What is Music Therapy (MT)?

 

 

Music therapy is the planned and creative use of music to attain and maintain health, well-being and developmental gains. A music therapist uses music with intention to achieve therapeutic goals. Research has shown that music therapy can help in the following areas of child development.

 

Communication skills/ Language
Research has shown that music stimulates many areas of the brain. Musical interactions can assist children in gaining confidence with receptive and expressive language including: word usage and timing, vowels and consonants, practice in requesting, understanding directions, following routines etc. Music can provide an alternative way to communicate and can provide a shared successful experience without words, encouraging engagement in verbal and nonverbal self-expression through song singing and instrument playing. Songs can be used to help to support kids in coping with and practising everyday interactions. Language concepts and routines can be learnt effectively through songs.

 

Cognition/thinking: singing, playing and listening to new and familiar music may help kids: to stay on task, increase attention span, improve length of joint attention, problem solve, follow instructions, count, understand and practise new concepts. Developmental tasks we can practise include: processing, predicting and responding to musical cues, sequencing, and improving the literacy skill of filling in known lyrics and spontaneously substituting or inventing and matching rhyming lyrics in songs.

 

Sensory processing
Singing new and known songs whilst playing instruments together provides a fun and motivating environment for individual and shared sensory experiences. Music can support children to tolerate sensory input by creating specific songs to maximise engagement and further develop auditory processing skills. Improvisation can be used to share musical conversations without words and help kids learn how to listen and reflect to others. Playing instruments can help to improve sensory tolerance to different types and layers of noise and to different textures. Our music therapists will lease with your occupational therapist to create activities and opportunities for your child to be able to remain on task and increase their length of attention.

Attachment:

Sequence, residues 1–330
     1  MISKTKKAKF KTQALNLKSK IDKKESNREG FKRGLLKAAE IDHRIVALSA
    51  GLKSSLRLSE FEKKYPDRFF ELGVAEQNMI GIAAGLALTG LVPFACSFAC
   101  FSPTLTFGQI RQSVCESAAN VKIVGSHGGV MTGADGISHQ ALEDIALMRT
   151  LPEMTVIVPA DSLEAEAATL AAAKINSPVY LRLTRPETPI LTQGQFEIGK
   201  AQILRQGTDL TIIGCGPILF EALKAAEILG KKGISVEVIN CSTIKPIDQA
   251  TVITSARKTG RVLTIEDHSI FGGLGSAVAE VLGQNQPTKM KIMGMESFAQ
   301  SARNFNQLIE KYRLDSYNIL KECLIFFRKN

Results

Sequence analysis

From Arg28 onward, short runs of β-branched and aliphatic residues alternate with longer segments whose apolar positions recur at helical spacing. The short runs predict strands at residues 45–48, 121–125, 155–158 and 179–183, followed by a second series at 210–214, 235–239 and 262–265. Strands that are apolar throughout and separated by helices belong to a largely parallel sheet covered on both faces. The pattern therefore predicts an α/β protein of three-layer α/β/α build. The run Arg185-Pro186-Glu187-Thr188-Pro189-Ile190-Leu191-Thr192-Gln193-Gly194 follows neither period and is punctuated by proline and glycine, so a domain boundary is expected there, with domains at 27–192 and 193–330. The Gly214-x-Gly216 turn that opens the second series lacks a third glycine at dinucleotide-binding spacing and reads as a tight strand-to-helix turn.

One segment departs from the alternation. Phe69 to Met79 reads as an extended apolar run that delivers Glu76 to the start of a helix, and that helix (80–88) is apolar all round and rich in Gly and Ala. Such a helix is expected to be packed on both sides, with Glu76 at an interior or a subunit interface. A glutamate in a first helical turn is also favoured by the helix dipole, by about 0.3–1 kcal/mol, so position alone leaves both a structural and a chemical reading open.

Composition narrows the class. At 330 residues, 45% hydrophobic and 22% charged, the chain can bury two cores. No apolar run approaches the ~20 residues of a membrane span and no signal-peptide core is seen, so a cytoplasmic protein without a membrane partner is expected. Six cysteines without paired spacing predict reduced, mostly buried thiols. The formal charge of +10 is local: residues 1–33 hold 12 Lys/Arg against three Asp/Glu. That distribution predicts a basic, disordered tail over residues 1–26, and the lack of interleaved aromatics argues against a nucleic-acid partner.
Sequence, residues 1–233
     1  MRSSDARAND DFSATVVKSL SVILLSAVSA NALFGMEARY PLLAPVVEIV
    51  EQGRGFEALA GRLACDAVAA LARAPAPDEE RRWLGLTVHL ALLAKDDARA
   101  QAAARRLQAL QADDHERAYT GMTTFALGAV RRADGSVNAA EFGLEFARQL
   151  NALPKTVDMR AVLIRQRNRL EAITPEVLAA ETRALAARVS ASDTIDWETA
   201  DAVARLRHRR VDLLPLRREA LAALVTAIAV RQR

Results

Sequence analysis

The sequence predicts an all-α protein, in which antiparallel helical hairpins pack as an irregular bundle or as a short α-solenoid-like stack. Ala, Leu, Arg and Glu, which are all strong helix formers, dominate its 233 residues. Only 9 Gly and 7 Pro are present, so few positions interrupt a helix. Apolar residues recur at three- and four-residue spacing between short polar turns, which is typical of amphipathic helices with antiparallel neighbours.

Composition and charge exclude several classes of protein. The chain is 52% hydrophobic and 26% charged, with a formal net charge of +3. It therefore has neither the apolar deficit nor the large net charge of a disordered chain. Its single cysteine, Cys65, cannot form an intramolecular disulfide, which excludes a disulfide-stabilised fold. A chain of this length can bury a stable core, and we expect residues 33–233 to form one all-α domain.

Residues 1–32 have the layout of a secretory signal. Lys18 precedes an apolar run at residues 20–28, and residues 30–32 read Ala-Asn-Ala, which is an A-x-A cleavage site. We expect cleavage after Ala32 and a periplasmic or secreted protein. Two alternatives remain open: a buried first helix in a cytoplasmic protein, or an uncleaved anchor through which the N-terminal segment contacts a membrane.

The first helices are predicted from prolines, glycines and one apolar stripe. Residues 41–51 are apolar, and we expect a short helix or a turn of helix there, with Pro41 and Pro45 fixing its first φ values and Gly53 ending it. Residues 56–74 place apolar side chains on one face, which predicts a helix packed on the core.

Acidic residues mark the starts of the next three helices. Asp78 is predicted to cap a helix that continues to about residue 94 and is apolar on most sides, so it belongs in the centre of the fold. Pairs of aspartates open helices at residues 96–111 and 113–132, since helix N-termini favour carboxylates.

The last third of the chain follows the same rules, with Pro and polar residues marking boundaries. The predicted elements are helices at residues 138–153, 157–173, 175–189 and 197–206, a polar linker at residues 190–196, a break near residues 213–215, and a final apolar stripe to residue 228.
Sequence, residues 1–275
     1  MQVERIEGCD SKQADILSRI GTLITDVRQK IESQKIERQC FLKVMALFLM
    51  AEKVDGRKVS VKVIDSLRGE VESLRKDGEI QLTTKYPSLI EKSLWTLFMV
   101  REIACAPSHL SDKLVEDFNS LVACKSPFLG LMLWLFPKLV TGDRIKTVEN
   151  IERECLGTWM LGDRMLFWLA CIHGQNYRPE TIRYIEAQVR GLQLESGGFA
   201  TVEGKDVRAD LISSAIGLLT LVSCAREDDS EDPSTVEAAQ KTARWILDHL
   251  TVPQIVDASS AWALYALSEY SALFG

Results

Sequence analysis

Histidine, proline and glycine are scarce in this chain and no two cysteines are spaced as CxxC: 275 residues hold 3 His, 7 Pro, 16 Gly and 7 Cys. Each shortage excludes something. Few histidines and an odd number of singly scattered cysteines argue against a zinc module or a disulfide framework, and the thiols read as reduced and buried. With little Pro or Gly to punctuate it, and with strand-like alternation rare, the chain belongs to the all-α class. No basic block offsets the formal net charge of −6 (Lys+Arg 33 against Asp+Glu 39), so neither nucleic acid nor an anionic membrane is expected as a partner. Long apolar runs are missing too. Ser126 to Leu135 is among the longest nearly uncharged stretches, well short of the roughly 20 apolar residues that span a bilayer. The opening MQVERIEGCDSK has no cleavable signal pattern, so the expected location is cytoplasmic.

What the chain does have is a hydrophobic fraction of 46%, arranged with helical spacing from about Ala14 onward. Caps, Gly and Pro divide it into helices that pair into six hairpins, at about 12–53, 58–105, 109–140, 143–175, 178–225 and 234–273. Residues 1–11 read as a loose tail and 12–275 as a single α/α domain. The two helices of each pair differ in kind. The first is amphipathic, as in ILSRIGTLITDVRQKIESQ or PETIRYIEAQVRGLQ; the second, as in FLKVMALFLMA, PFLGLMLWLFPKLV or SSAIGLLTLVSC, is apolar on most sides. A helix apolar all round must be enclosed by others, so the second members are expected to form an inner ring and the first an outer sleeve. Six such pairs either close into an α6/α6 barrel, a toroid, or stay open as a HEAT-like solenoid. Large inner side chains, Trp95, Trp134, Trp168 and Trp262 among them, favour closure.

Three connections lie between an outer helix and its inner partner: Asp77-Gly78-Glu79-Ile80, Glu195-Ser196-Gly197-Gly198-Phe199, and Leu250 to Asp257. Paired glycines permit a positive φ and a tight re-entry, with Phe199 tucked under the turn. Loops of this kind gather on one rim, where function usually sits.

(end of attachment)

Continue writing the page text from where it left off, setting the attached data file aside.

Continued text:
Self regulation
A music therapist finely tunes into a child’s state of regulation and can support children to learn how to self soothe, stay calm and self regulate through self knowledge and explicit labeling of feelings. This can help children to attend and focus more for learning. A music therapist can create songs or musical experiences that are individually tailored with layered musical elements to support maximum engagement and interaction.

Physical and language skills

Playing instruments including drums, bells, maracas etc. can help to improve gross and fine motor skills, co-ordination and timing. Playing in time TOGETHER helps children to uncover their own rhythmicity and this can support listening and interacting. Action songs encourage body awareness and regulation and can be written to  incorporate verb and concept learning through big and small actions, dancing, body percussion, clapping, stomping, jumping etc. Physio exercises can be combined with specifically written songs to motivate continued engagement.

Social thinking

The shared experience of playing music as an equal communication partner assists children in learning to recognize and understand emotion, and how their behaviour is perceived by others. We focus throughout all activities on practising: whole body listening, “am I thinking what you are thinking?", showing what I am thinking with my eyes, what are you thinking about? Is it different to me? There are many explicit strategies that can be practised and taught through facilitated music activities, which can limit associated anxiety within social interactions.

Music played together can help motivate children to share, take turns, sit in place, wait, put their hand up, listen and look, exercise impulse control and share. It provides opportunities for focussed attention and genuine shared engagement.

Families

A music therapy session provides: quality developmental and musical experiences with parents, and/or siblings in a supportive environment. Our therapists can share strategies on how to use music at home by providing ideas and resources. Songs can be specifically written for your child to assist with certain challenging routines or transitional activities (see Song Builder). The group sessions offer opportunities to meet and engage with other families in a similar situation. Our therapists work in a family centred model, and understand the primacy of the parent child relationship in child development, so sessions are full of strategies to take home.